The current Premier League referees are the “best around” but it is time to mic them up, according to former striker Chris Sutton.
It follows criticism of Lee Mason and Stuart Attwell this weekend, with some left in the dark as to why they made certain decisions during their games.
Sutton told BBC Radio 5 Live: “If they explain what they are seeing in real time then they’ll get more sympathy.
“It’ll clear things up – the viewers will see things through their eyes.”
Mason took charge of Brighton’s 1-0 defeat at West Brom and was accused of losing control of the game by Brighton captain Lewis Dunk following a series of decisions which eventually resulted in a disallowed goal for the visitors.
Mason pulled out of fourth official duties at Sunday’s Premier League game between Sheffield United and Liverpool because of an injury and has also withdrawn from Wednesday’s match between Burnley and Leicester.
Attwell came under fire from Manchester United manager Ole Gunnar Solskjaer for not awarding a penalty after checking the pitchside monitor and ruling Chelsea’s Callum Hudson-Odoi was not guilty of an illegal handball during Sunday’s 0-0 draw.
Ex-Norwich and Blackburn striker Sutton added: “They have trained years to get to this level. These are the best around, the referees we have in the Premier League at the moment.
“If they were mic’d up and explained why they made the call then there would be a far better understanding. It will be a good thing and transform the game.”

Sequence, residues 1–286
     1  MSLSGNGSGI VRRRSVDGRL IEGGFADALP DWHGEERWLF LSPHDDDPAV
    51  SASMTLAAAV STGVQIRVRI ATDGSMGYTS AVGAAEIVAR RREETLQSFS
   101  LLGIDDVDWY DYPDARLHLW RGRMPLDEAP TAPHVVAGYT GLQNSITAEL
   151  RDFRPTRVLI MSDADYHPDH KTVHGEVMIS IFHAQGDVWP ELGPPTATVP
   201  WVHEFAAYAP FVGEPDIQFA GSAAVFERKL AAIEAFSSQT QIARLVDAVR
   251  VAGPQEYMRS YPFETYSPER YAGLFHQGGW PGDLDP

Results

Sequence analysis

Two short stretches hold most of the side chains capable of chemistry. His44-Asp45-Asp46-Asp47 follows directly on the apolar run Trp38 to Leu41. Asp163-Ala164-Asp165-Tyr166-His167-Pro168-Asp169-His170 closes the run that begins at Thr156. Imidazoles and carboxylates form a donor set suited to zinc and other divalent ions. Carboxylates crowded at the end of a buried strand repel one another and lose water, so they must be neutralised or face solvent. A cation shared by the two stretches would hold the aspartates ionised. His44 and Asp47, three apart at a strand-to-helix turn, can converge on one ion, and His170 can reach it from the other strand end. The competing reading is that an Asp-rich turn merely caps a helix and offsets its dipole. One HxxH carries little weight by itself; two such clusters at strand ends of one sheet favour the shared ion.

BBC’s Monday Night Club presenter Mark Chapman asked why, if TV commentators can hear the conversations between the referee and VAR team, that audio is not made available to the public. Former Manchester City defender Micah Richards responded by stating he disagreed with having decisions explained in real time.
“If everyone can hear what they’re saying it’ll put them under more pressure,” he said. “I don’t think we’ll get more correct decisions.
“If we have to go down mic’ing up referees, our game has officially gone. We just need to give them more confidence that VAR is there to help you. It won’t intervene in every single scenario.”
This is not the first time this issue has been debated, with some suggesting football should follow rugby’s example. In 2019, Australian referee Jarred Gillett, who now officiates in the English Championship, wore a microphone during an A-League game.
The International Football Association Board (Ifab), who determine the laws of the game, have made no suggestion of allowing referees’ decisions made publicly audible, it has previously said doing might “harm the credibility and integrity of match officials”. And in 2018, Premier League referee chief Mike Riley said he “not too keen”.